- Using cloth diapers removes contact of chemicals against your baby’s most delicate parts. Here’s a snippet from T. Washko from diaperjungle.com:
- Using cloth diapers promotes early potty training - This probably has as much to do with the general parenting philosophy of cloth diapering parents and potty training, but there are a few factors that help with the acceleration of potty training including the simple fact that your little monster can feel when he’s wet himself and, therefore, complain loudly and vociferously about it. We practice EC here at the So Green Baby household with Tristan and, contrary to authoritative studies by learned individuals that lament the stress put upon a baby because of this practice, we decided to stick with what apparently has been working since pre-industrial times and so far we have a very happy, healthy and well adjusted 1 year old.
- Using cloth diapers helps you maintain your weekly garbage output at pre-baby levels - Before Tristan was born, we were concerned that our garbage production would go up as a family unit. This would be one of the most visible ways to see your impact, as you basically count the number of bags you’re putting out every two weeks. So far, we’re still putting out one or two bags on garbage day.
- Using cloth diapers will help you leave some land for your grandkids to play on - Where did you think those disposable diapers were going? Here are some stats from realdiaperassociation.org:
- Using cloth diapers lets you stick it to big corporations whose agenda is simply to get you to buy, and buy some more.
- Using cloth diapers gives you yet another way to bond with your baby - This was a bit unexpected but the throwaway nature of disposable diapers vs. the investment that you have to make for cloth diapering creates another activity that you can bond with your little monster over. It’s another little thing that uniquely draws you into the whole child-raising process.
- Using cloth diapers helps save on paying for disposables - There’s an initial investment which may seem high, but then you’re not rushing out to Walmart every two weeks to pickup a new batch of Pampers. There’s definitely a pay off over the long term, especially if you have more than one child.
- Using cloth diapers lets you dress your baby up in ridiculously cute and stylish prints - Anybody see that Huggies jean diaper commercial? Right, me either. Not really relevant when you can put your kid in cowprint, robots and monkeys.
- Using cloth diapers ensures that you don’t give a damn that your little monster peed into that clean diaper you just put on him. It’s a good feeling to not have to envision dollar signs being flushed away with every disposable that you toss into the garbage - your cloth diaper goes right into the diaper pail for wash and reuse. Additionally, you never feel the urge to just let that diaper sit for a little bit longer because you have an inexhaustible stash of cloth that you can change him with as frequently as you need to (hello prefolds).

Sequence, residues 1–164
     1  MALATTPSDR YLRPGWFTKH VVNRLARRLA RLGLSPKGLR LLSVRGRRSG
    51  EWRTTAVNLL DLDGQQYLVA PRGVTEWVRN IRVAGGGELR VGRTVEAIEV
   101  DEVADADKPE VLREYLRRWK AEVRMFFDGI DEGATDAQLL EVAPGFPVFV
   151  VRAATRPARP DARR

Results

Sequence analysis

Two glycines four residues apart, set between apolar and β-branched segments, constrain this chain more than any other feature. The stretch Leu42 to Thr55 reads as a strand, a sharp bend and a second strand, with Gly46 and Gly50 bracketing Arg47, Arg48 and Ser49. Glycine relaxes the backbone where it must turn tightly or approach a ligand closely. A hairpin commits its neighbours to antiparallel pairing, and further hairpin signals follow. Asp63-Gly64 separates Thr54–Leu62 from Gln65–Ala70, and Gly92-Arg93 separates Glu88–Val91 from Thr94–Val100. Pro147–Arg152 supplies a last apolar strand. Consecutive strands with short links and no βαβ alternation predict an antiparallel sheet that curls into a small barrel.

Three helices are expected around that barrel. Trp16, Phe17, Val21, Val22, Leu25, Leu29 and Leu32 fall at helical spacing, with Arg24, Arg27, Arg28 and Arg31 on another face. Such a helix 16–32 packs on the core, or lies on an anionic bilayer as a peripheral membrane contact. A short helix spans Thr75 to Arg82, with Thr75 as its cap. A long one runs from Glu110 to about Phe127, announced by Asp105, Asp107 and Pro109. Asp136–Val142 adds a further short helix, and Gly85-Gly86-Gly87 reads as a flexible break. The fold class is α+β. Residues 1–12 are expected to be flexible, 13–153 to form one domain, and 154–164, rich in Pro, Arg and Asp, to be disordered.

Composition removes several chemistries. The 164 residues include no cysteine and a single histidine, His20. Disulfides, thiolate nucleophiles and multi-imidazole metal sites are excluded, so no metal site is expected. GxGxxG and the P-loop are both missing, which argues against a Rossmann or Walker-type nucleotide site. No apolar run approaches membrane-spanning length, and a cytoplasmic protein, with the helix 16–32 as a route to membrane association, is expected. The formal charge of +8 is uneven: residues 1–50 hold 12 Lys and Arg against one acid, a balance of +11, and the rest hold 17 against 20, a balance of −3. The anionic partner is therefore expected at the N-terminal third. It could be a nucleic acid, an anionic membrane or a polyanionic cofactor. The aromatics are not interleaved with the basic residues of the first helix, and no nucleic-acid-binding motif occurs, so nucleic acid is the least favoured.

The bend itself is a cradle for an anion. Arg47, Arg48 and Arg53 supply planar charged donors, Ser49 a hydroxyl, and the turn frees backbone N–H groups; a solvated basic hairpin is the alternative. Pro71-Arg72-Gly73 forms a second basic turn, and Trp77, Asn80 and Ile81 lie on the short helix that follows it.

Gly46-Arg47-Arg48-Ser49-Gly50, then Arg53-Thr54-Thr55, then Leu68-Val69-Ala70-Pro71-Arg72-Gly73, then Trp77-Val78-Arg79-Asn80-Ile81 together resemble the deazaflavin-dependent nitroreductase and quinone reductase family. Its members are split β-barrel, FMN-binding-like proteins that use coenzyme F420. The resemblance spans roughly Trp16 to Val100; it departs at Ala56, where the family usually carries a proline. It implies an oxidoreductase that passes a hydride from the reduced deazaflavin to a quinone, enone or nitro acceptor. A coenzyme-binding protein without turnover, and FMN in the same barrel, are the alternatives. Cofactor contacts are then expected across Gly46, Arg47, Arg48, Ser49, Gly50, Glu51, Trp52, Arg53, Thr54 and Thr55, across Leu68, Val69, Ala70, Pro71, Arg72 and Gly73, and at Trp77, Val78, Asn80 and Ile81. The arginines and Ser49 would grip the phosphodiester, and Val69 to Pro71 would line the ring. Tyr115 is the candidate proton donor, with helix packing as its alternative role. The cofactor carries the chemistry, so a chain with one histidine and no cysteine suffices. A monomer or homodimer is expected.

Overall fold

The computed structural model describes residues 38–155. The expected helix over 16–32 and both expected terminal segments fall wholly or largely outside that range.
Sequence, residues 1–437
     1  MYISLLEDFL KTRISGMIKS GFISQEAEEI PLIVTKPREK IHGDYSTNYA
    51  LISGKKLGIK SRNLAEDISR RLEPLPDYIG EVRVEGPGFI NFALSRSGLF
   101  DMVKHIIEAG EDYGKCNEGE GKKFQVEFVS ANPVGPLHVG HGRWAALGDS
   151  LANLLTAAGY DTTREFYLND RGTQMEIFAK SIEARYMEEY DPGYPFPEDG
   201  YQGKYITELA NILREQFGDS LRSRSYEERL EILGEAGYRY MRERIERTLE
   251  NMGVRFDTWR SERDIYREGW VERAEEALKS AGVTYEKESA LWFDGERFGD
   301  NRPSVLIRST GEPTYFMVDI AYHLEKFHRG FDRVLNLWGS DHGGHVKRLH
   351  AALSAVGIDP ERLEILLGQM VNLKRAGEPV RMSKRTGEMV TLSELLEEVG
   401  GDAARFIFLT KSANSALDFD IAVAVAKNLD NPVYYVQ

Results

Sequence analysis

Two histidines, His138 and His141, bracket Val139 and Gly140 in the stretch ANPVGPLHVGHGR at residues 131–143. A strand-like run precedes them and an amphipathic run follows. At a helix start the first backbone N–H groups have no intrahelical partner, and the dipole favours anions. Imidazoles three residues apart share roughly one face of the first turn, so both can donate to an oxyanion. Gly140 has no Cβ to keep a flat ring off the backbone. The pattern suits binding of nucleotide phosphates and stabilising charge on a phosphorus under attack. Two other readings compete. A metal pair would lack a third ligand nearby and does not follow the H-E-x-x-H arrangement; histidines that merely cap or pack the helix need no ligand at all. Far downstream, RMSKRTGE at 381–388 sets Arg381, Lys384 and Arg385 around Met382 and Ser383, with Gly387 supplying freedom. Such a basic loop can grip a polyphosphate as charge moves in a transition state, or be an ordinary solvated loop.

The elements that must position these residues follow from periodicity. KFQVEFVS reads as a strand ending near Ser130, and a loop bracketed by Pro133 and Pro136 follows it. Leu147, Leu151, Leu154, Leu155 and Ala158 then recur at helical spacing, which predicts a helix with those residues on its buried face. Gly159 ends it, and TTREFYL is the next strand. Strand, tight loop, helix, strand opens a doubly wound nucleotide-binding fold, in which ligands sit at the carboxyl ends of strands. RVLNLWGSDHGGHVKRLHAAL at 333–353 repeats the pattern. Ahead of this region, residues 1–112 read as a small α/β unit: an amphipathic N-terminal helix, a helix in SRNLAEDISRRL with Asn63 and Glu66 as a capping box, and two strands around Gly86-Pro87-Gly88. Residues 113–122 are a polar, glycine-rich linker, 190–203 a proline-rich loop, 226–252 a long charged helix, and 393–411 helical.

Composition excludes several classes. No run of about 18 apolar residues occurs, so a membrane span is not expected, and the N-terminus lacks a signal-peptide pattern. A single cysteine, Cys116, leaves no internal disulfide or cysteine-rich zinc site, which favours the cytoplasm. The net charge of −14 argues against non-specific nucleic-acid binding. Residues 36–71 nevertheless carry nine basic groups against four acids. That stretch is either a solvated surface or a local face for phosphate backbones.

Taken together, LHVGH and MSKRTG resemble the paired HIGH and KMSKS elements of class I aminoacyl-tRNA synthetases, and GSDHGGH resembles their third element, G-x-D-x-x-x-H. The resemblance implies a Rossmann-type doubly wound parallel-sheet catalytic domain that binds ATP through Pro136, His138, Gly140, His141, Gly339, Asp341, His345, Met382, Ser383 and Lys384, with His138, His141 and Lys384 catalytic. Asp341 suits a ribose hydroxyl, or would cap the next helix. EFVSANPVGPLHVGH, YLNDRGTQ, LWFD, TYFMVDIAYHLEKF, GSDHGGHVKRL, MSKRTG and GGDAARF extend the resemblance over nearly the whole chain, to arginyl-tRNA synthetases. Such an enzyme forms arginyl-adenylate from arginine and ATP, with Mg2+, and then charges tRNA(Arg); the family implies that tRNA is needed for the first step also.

- Using cloth diapers is easy! You do that research to understand the nuances involved in selecting a TV - LED, 3D, HD, refresh rates and so on, right? Cloth diapers are way less complicated and intimidating, and contain hardly any coltan. The main refrain I hear dismissing cloth as a viable alternative usually centers around washing but really, once you become a parent your life revolves around bowel movements and baby puke. Handling these things becomes an everyday fact of life and, as Tasha puts it, it's pushing the buttons on the washing machine a couple more times a week.
“Perhaps they know it would be unfavorable for them to tell consumers that they are in fact buying polyethylene and polypropylene plastic with bleached paper pulp, AGM (a gelling substance), petrolatum, stearyl alcohol, cellulose tissue, elastic, and perfume. Instead they would rather consumers subscribe to the ideas they present on national television...that you are diapering your baby with materials as soft and inviting as cashmere.”
Over 92% of all single-use diapers end up in a landfill.
In 1988, nearly $300 million dollars were spent annually just to discard disposable diapers, whereas cotton diapers are reused 50 to 200 times before being turned into rags.
No one knows how long it takes for a disposable diaper to decompose, but it is estimated to be about 250-500 years, long after your children, grandchildren and great, great, great grandchildren will be gone.
Disposable diapers are the third largest single consumer item in landfills, and represent about 4% of solid waste. In a house with a child in diapers, disposables make up 50% of household waste.
I must admit, a part of me wrestled with the idea of having a baby only to have him inherit and have to live with the vast number of problems we’ve dummied up in our lifetime, but then ... well, did anybody see Idiocracy?
That’s it. Anybody have any other reasons to use cloth diapers, feel free to add and don’t forget to check our cloth diaper wiki!